The vast majority on the course were from Scotland, but we were also joined by 3 participants from Argentina, 3 from England and 1 from Austria, Grand Master MacCallums son, Ruaraidh MacCallum VI deg.
The Masters taking part on the course were Master Gordon Wallace VIII Degree, Master David McNairn VII Deg and Master David Murphy VII Degree.
Master Wallace took some time to introduce the course Instructors, Grand Master Willem Jacob Bos IX Deg, From Italy, Master Willy van de Mortel VIII Deg from The Netherlands and Sabum Tomaz Barada VI Deg from Slovenia. Each was given an individual introduction and welcome, followed by warm vigerous and rousing applause before Master Wallace handed the proceedings over to Scotland’s own Grand Master, Grand Master Thomas MacCallum IX Deg, who officially opened the course.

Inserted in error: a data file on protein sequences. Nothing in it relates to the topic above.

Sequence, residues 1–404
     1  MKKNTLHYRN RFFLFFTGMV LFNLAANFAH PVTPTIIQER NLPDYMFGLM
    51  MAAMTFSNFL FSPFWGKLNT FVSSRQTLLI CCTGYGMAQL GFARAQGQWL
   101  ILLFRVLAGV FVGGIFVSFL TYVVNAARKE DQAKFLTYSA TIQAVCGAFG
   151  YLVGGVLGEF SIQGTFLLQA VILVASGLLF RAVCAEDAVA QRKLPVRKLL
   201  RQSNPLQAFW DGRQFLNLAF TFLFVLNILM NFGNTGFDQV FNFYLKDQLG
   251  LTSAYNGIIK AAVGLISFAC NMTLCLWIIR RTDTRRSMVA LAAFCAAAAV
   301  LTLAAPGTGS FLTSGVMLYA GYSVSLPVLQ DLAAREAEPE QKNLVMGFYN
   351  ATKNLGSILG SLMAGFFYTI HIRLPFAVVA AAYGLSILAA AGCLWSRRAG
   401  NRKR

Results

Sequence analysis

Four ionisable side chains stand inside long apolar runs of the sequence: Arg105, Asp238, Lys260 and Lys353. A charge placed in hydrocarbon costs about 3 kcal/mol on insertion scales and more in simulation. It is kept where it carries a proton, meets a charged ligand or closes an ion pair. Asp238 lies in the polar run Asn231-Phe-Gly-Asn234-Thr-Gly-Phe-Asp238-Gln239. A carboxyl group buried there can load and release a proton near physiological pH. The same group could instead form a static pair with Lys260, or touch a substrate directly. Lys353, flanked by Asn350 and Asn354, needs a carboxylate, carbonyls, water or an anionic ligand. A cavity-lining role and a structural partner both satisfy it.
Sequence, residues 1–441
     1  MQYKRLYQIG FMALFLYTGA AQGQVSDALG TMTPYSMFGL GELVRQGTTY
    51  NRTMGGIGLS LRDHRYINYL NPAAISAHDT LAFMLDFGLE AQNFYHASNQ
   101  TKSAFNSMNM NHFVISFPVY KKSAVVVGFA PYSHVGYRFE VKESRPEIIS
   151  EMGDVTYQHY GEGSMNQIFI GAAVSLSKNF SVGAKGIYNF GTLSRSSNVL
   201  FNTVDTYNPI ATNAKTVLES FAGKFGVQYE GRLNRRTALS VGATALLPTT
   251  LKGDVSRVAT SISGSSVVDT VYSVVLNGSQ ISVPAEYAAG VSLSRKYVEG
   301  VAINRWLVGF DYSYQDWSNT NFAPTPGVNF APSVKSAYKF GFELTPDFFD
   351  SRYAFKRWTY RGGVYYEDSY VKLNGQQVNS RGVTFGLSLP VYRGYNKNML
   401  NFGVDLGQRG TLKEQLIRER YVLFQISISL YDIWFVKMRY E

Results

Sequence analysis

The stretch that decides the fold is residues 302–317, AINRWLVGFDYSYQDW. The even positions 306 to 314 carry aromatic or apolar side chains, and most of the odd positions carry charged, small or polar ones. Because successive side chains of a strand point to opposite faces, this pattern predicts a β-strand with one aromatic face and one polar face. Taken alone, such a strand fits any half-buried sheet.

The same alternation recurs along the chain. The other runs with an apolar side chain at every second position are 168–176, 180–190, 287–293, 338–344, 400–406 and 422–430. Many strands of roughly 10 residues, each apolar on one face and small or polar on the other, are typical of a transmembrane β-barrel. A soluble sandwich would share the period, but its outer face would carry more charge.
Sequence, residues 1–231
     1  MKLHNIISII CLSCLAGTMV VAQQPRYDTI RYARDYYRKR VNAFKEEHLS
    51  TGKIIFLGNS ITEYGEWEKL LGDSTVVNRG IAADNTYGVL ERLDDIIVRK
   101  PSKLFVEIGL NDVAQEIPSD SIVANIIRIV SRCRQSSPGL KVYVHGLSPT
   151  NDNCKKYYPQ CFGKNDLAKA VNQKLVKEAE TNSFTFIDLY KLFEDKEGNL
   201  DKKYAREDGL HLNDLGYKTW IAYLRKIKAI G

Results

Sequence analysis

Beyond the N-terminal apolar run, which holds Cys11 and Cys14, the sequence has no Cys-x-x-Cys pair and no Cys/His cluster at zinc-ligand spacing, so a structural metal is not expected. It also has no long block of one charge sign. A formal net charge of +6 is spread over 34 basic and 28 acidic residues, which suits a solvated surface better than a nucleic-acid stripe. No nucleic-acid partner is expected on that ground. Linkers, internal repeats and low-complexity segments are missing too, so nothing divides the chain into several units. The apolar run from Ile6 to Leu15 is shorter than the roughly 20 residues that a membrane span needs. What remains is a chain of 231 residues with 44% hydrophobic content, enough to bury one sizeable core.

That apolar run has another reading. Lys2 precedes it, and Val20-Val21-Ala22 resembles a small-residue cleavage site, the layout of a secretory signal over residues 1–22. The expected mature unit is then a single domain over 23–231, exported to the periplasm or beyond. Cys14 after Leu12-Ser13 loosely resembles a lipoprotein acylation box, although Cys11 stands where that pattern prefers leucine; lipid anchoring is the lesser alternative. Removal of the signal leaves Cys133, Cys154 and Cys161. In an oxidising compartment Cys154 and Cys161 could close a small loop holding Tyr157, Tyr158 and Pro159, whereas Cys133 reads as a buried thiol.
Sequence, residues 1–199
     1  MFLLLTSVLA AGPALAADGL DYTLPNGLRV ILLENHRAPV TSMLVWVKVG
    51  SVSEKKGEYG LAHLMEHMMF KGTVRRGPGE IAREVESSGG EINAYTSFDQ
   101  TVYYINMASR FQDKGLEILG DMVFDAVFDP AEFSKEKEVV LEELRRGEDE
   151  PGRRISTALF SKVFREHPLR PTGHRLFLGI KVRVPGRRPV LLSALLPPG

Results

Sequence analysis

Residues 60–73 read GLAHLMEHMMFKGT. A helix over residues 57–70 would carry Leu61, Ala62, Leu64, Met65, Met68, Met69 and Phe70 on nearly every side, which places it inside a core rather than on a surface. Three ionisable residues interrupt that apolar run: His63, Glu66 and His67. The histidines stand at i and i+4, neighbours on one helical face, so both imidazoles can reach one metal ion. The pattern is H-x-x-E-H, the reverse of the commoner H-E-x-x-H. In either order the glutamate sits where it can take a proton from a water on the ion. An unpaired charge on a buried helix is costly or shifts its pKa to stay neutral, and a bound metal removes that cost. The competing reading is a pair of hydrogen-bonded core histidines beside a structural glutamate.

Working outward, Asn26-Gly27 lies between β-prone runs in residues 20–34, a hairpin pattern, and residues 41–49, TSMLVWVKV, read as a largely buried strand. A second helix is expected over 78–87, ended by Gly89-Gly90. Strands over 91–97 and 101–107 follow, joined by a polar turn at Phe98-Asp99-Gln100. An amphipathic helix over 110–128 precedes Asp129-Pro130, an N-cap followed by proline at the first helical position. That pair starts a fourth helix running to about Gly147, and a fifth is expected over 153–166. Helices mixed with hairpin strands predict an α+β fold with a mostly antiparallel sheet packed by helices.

In the pre-course literature, we were informed that the course would be broken up into 4 sessions, morning and afternoon over 2 days. Each session would consist of 3 x 1 hour slots, allowing each of the Instructors one hour in each session, with a 5 minute break in between. After a quick warm up Grand Master Bos was the first to take the reigns with the remainder of his hour spent showing various stretching techniques to help improve flexibility and kicking. This stretching would prove invaluable for what was to come. Next was Master van de Mortel who took the group through some fundamental movements and pattern execution and finally Sabum Barada got his turn to show us some of his training methods, sparring drills and overall toughness and all of this before lunch. The afternoon session was the same order again and we covered all areas of pattern preparation and competition execution, pad and shield training methods and sparring techniques and tactics. The instructors made a point of asking ITF Scotland Squad Members that were present to volunteer themselves to the floor and show them how they could improve their patterns and their sparring. Although the instructors had their own slot to pass on their knowledge they were supported and assisted by the others who were more than happy to jump in and help out, it was obvious that they share a mutual respect and admiration for each other. There wasn’t much sitting around on the course, the handover between each Instructor was barely enough for a quick drink or snack before the next would take over. in any case everyone was having so much fun, participants and instructors alike that in most cases the hour would run over into someone else’s slot, the knock on effect being that the first days training finished an hour later than expected.